1. I found Richard P. Feynman’s remarks interesting particularly his question. “Now how could we do that? Here’s this great Dutch philosopher, and we’re laughing at him.”

    I would suggest its because its a well worn cultural strategy long used in attacks on natural history and science.

    Richard P. Feynman’s a product of his culture and its one that seems very conservative in the way it communicates to the public. Populist and patronizing

    Beniot de Maillet was resurrected from the dead to ridicule natural history most notable the ideas of Buffon and Lord Monboddo was used in exactly the same manner to demonstrate that Darwin was a fool.

    Its not the most convincing strategy and in terms of education and teaching I would describe it is a car crash.

    I also note that the writer seems as bad at asking historical questions as I would be at asking ones about physics. Seems to say something about our modern education system as such blindness and ignorance with regard to other disciplines is certainly not a traditional feature of science or the arts.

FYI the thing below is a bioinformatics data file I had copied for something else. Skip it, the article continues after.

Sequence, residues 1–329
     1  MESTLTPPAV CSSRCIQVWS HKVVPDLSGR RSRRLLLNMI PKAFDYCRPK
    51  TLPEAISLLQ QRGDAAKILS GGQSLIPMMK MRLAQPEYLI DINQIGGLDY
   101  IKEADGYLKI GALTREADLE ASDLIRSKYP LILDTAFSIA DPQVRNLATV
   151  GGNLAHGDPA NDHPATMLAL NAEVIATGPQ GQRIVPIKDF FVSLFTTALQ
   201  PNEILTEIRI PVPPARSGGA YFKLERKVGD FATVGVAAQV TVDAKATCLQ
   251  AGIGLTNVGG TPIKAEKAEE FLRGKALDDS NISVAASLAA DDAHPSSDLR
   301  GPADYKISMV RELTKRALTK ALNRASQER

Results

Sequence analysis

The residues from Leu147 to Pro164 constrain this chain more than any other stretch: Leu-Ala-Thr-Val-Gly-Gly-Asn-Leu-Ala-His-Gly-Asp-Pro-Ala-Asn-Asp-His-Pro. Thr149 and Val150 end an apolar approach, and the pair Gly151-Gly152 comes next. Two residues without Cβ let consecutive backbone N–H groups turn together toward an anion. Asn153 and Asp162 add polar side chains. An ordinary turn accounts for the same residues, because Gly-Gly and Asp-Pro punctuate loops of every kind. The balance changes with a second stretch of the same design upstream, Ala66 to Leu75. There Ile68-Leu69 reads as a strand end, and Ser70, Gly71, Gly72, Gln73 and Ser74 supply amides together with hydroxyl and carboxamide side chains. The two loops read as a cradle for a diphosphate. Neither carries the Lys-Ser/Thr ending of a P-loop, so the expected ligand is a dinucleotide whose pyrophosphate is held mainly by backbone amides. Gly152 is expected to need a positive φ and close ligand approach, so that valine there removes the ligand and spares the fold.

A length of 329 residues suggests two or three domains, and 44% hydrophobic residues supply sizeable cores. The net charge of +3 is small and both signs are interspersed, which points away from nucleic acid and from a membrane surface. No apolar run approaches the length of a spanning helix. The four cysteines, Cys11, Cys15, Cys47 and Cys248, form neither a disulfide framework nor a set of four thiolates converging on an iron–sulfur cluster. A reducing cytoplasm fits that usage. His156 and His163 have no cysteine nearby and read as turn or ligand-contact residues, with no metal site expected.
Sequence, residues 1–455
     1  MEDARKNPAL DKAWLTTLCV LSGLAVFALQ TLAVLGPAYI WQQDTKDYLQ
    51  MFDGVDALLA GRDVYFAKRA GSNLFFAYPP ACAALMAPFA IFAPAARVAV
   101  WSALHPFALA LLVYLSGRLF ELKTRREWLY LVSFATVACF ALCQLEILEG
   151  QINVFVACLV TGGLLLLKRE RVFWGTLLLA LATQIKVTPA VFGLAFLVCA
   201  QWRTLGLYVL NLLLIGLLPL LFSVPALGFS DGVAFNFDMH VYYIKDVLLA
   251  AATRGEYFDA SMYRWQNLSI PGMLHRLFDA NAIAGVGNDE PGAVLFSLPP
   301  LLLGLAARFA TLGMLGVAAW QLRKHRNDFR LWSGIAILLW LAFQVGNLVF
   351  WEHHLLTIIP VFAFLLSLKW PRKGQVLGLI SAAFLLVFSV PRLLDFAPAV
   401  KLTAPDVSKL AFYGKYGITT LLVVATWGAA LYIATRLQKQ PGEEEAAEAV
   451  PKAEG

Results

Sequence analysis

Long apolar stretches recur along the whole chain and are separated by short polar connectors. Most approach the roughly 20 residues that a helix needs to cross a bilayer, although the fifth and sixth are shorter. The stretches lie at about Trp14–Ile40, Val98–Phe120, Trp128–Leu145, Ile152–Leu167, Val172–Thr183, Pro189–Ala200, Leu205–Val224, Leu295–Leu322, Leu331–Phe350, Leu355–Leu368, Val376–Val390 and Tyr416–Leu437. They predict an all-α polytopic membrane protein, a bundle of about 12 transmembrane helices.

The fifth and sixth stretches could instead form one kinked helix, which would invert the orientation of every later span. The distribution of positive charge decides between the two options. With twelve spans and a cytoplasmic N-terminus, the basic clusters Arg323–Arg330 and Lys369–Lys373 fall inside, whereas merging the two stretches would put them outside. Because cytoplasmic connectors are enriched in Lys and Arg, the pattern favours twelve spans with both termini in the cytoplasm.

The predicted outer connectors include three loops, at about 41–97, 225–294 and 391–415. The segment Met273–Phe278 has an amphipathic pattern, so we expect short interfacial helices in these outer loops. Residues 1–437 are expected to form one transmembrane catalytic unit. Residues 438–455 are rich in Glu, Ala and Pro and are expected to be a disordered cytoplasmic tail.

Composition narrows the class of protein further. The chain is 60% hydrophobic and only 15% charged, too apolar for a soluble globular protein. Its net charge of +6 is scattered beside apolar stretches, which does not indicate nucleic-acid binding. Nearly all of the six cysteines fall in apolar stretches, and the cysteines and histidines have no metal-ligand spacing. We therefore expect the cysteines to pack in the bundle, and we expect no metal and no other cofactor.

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    1. It’s worth noting that Feynman marks the beginning of antiphilosophy among physicists. Up until that point, physicists thought philosophy was something like mathematics: a useful tool that educated men must take seriously (I say “men”, because at that time, that is how they would have said it).

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      1. “marks the beginning”

        I wondered if the story telling element is effectively a foundation legend. If memory serves me correct Hawkins ends his statement with the light bringer myth and ‘the torch of knowledge’ being past on (speculate the statement was made because he either has something to sell or is about to announce he is changing his name by deed poll to Obi Wan Kinobi).

        I wonder if its an attempt to infer that the natural order of intellectual life is hierarchical and someone must stand at the head of the great chain of being. Philosophy would be an obvious and attractive target simply from a story- telling perspective given its traditional placement in tales about the order of knowledge.